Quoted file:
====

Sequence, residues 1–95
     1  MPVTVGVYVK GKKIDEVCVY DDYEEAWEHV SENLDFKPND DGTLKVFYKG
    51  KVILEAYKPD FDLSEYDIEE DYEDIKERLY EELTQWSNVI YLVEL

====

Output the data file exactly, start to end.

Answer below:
Sequence, residues 1–95
     1  MPVTVGVYVK GKKIDEVCVY DDYEEAWEHV SENLDFKPND DGTLKVFYKG
    51  KVILEAYKPD FDLSEYDIEE DYEDIKERLY EELTQWSNVI YLVEL